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If the Qt WebKit KPart is not answer for a KDE browser, why does it seem to (kind of) work for me?

Saturday, 4 July 2009  |  lubos lunak

This may look like beating a dead horse, but it seems like many people discussing the WebKit issue not only actually don't have much of a relevant technical knowledge, but even fail to simply do a reality check. Because I have tried the WebKit KPart and while I can't say it worked perfectly, it worked. I don't see why I should even myself feed my personal data to Google or what's the point of suddenly needing a webpage for friends, so no GMail of Facebook, but I tried a couple of sites, including YouTube or using two online bank systems to make payments, and I mostly got done what I wanted to get done. Ironically the worst breakages I found were search on or Martin Graesslin's blog, which possibly may be bugs in WebKit itself. Not that I tried that hard to break it, but after all, you can try out WebKit in Konqueror for yourself (openSUSE users can get the WebKit KPart from the KDE:KDE4:Factory:Desktop repository together with the rest of KDE4.3RC1) Change the association in 'keditfiletype text/html' or temporarily in Konqueror's View menu.

Now, I'd like to stress the part about it not being perfect now, not even close. It worked, it was usable, but it had some pretty rough edges. Still, I have to wonder more and more why really it takes so long to get the WebKit KPart ready.

Some opinions on the alternative ways of using WebKit in KDE seem to me to be rather confused too. One doesn't even need to actually try Arora or Rekonq (and I haven't, to be honest) to realize that neither of these is a suitable candidate for a KDE browser, at least now. Arora has no KDE integration whatsoever, nor does it plan to have it from what I understood. It may be a fine browser otherwise, but this completely rules it out as the KDE browser. And Rekonq, or any other Arora fork, first needs to do the KDE integration. That may happen, and this browser may even become the web Dolphin, I just don't think it's less work than having the browser already done and only doing the KDE integration for WebKit. Especially given that KDE integration for WebKit in Rekonq or Konqueror should be basically one and the same thing (code reuse, remember? we are known for it).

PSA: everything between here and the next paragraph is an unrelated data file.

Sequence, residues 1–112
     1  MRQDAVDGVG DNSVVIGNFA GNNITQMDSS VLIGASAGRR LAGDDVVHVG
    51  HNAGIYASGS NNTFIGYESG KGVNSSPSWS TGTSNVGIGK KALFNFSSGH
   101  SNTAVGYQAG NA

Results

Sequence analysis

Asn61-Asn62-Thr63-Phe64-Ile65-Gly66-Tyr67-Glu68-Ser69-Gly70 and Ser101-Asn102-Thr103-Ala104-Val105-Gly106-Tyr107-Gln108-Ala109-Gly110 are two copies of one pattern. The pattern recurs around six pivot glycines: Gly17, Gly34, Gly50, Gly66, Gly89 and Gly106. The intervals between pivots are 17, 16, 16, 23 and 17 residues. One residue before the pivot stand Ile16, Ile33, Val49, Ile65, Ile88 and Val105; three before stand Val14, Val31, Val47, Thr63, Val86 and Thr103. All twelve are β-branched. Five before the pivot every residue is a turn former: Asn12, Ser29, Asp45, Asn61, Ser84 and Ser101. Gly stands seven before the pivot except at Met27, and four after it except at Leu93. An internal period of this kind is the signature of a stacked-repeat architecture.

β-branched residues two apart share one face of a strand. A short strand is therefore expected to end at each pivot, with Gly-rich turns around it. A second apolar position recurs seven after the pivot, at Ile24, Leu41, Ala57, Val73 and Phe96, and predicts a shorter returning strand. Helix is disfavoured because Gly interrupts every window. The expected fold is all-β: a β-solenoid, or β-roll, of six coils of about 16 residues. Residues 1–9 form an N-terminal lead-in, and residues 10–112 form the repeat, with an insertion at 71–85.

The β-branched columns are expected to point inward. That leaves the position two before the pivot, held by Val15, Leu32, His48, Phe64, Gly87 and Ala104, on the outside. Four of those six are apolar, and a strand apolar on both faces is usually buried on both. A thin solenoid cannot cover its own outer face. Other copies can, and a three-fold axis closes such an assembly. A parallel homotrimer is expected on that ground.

As for the blog entry I'm referring to in the title, there possibly may be parts in Konqueror that are written with KHTML in mind, if nothing else because until WebKit KPart there was only KHTMLPart, but it is definitely not the design. If we could switch the file browsing KPart in Konqueror to the one from Dolphin, why should it be a big problem to use another HTML rendering KPart? And while I have digged a bit in Konqueror and WebKit KPart sources, I consider myself to be no Konqueror, KHTML or WebKit expert, so let me just point you to what David Faure says about it.

Really, we have written a lot of good code and invested a lot of time into it. We shouldn't just randomly dump it because everybody and their grandmother think it is a good idea. If we do so, it should be because there are technical reasons. This really reminds me a lot of the KWin vs Compiz problem we had before KDE 4.0. Does somebody still think these days that we should have dumped what we had working for the new kid on the block? If you do, I suggest to do a reality check there too.

Oh, and this blog entry would be 100% written using Konqueror+WebKit, if it managed to post it (ok, so this is ironically the worst breakage I found, life is funny like that). I said it wasn't perfect, there is still work needed. I just still haven't found a good reason why this would be a bad decision or even not reasonably doable.